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13 comments:

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  5. Great post! I just finished 8 hours of testing 20 different power supplies and 20 different usb cables, and the results were saddening. Most cables connected to a drained nexus 5 wouldnt push more than .6-.8A with the OEM 1.2A adapter. Snagged one of my aukey qc2.0 cables and sure enough, 5.2v 1.17A. Almost all of my cables not branded qc 2.0 failed to supply 1.2A. The reason im here is because im trying to determine why my fast charger that came with my gs6 edge+ will supply 5/ 6/9 V @ 1.67A but when i stole this thin white "fast" cable from its adapter and plugged it into the nexus 5/nexus5 adapter, it behaved just like the other slow cables and only pushed 5V .7A. What in the world gives?
    So ive now confirmed with three separate OEM Samsung chargers...their cables seem to charge at 5v and .5-.8 A when plugged into nexus 7 adapters (1.5A), or nexus 5 charger (LG 1.2A). WHY?? Why does it seem that they are "all or nothing"? Why cant my cables perform at 1.0-1.5A? I bet others that have done this level of testing have also noticed this. Additionally, i grabbed a flimsy generic cable yesterday for 3 dollars and expected no more than the .7A performance i was getting, and i was right. Plugged into OEM Ipad air 1 adapter, asus tf700 (transformer infinity 2A 5v when NOT plugged into the tf700). 6 different chargers, all .6-.8a performance...until i plugged this flimsy, cheap cable into the aukey 15000 mah portable charger with its QC 2.0 adapter, and viola! 9v, 1.7A!!!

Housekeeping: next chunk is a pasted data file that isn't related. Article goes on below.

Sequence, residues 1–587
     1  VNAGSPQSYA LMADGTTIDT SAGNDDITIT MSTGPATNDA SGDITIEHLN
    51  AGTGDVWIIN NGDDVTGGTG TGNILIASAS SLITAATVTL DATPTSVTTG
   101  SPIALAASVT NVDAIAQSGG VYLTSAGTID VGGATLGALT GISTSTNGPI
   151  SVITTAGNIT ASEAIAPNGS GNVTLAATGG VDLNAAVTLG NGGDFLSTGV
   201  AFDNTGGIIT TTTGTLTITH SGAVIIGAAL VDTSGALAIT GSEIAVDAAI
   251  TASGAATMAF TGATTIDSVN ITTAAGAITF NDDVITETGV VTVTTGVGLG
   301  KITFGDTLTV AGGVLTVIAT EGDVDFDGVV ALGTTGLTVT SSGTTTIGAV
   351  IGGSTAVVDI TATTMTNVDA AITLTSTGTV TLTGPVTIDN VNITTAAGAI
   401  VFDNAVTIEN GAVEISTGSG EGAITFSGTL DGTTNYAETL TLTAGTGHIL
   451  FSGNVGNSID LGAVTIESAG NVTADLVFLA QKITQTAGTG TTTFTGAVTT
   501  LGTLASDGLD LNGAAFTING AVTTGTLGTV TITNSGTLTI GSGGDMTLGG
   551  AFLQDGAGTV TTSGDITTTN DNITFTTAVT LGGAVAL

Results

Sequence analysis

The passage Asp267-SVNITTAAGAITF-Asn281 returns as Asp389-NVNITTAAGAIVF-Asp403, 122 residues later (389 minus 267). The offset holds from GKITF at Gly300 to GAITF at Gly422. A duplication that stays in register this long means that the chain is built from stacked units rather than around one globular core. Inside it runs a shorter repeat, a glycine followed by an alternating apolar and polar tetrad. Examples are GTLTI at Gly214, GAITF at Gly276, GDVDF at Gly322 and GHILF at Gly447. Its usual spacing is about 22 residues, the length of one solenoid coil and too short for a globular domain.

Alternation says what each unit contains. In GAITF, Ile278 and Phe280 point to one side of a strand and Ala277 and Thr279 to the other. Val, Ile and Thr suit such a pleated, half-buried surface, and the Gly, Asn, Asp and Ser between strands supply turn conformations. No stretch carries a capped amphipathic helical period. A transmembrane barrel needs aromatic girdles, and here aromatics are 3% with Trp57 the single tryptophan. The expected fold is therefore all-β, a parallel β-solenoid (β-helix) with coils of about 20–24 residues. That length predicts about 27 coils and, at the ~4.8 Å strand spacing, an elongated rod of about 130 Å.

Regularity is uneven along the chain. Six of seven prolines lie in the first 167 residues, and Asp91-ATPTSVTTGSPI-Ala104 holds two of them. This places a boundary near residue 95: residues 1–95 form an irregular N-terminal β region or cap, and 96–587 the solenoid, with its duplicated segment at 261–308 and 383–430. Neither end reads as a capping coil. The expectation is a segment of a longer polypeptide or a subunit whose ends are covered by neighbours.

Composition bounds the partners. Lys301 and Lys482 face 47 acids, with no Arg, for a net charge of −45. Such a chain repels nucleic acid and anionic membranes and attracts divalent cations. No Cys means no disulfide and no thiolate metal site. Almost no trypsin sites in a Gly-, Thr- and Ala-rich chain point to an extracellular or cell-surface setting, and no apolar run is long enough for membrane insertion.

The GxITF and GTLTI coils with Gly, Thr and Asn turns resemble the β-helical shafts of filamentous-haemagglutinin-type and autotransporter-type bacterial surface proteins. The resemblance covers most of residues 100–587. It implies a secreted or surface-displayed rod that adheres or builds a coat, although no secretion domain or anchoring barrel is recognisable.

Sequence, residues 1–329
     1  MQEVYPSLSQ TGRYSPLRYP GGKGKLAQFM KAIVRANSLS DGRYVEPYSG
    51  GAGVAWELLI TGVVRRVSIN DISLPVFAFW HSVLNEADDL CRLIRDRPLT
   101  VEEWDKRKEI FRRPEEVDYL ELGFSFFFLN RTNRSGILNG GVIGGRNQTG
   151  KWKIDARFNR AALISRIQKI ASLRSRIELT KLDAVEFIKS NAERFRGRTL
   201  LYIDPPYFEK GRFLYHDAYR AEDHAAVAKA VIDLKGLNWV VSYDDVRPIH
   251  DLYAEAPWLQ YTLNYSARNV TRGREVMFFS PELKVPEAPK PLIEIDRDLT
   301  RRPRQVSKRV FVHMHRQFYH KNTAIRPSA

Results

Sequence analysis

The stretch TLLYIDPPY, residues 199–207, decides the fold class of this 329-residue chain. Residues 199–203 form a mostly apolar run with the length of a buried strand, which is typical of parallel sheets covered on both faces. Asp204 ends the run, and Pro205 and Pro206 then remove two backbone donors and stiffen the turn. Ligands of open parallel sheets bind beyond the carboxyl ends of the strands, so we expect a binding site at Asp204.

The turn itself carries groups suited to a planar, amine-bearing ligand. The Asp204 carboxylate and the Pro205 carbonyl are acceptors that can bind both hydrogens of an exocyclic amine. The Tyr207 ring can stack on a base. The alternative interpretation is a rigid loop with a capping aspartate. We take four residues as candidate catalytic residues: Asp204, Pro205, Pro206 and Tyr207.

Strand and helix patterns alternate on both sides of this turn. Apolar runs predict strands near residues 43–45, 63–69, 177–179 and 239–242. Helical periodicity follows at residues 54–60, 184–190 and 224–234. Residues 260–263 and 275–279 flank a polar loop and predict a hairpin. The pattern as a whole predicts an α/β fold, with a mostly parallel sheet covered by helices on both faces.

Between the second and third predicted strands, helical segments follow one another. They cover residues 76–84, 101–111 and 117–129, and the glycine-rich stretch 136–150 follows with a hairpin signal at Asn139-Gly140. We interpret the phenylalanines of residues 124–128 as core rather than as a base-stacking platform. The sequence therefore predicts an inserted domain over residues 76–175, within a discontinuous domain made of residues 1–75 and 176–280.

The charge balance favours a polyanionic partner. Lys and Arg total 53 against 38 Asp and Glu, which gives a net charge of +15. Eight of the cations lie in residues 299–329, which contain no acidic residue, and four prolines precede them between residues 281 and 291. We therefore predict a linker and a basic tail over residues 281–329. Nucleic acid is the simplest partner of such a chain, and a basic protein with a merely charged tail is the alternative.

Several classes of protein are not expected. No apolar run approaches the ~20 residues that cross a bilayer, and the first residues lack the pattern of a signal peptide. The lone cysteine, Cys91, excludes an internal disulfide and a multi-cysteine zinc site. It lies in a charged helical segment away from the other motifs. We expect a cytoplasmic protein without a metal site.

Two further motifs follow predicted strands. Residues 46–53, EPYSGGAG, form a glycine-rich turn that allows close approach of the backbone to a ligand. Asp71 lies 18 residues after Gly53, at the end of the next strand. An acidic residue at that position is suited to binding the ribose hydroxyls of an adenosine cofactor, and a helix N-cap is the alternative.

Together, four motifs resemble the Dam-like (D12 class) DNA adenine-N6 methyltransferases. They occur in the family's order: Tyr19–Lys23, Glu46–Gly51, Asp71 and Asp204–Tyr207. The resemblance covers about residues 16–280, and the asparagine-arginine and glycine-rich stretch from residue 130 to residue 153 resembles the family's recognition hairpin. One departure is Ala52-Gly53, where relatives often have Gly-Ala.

1.HOW is this cheap cable performing identically to the samsung oem cable?
    2. More importantly, why are samsungs fast charging cables not able to handle 1A-1.5A when connected to those adapters? Their cables seem to be "all or nothing".

    I would say its having issues negotiating the 1.2A with the nexus 5, and therefore defaults to .5A (usb standard?) But my aukey cables handle every adapter i own and amazingly, supplies the amperage posted on the adapter.

    One final note: despite having multiple generic chargers that claim to be 5v 2A, there isnt a single cable that ive tested (out of 30) that has delivered 2A. Ive gotten as high as 18W delivered (12v, 1.5A, and 9v1.67A), but None of my devices actually charge at 2A, so i dont know if its the cables or my lack of test equipment.(my ipad air oem charger delivers the expected 2.4A 5V, but this is excluded as its obviously not USB)

    Thoughts?

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  6. I think that some Samsung cables have an additional pin on the phone's end. This makes the cable to be "identified" by the phone.

    Most common, it's not the charger that is not able to push as specified (maybe 10% less), it is the phone that is "too shy" to suck at maximum current (considering a very good cable).

    The phone must have some guaranties that the cable and the charger will not be overloaded (risk of fire). Your cheap cable might just mimic the right signaling that the cable and charger are able to provide maximum power. Otherwise, the phone will limit itself to a "safe" current, that can be like 500mA (USB 2.0), 900mA (USB 3.0). For more than 1A, I'm expected phones to be very picky on the cables and chargers signaling. There are some cables that can digitally identify themselves as supporting such turbo charging like 2-3A.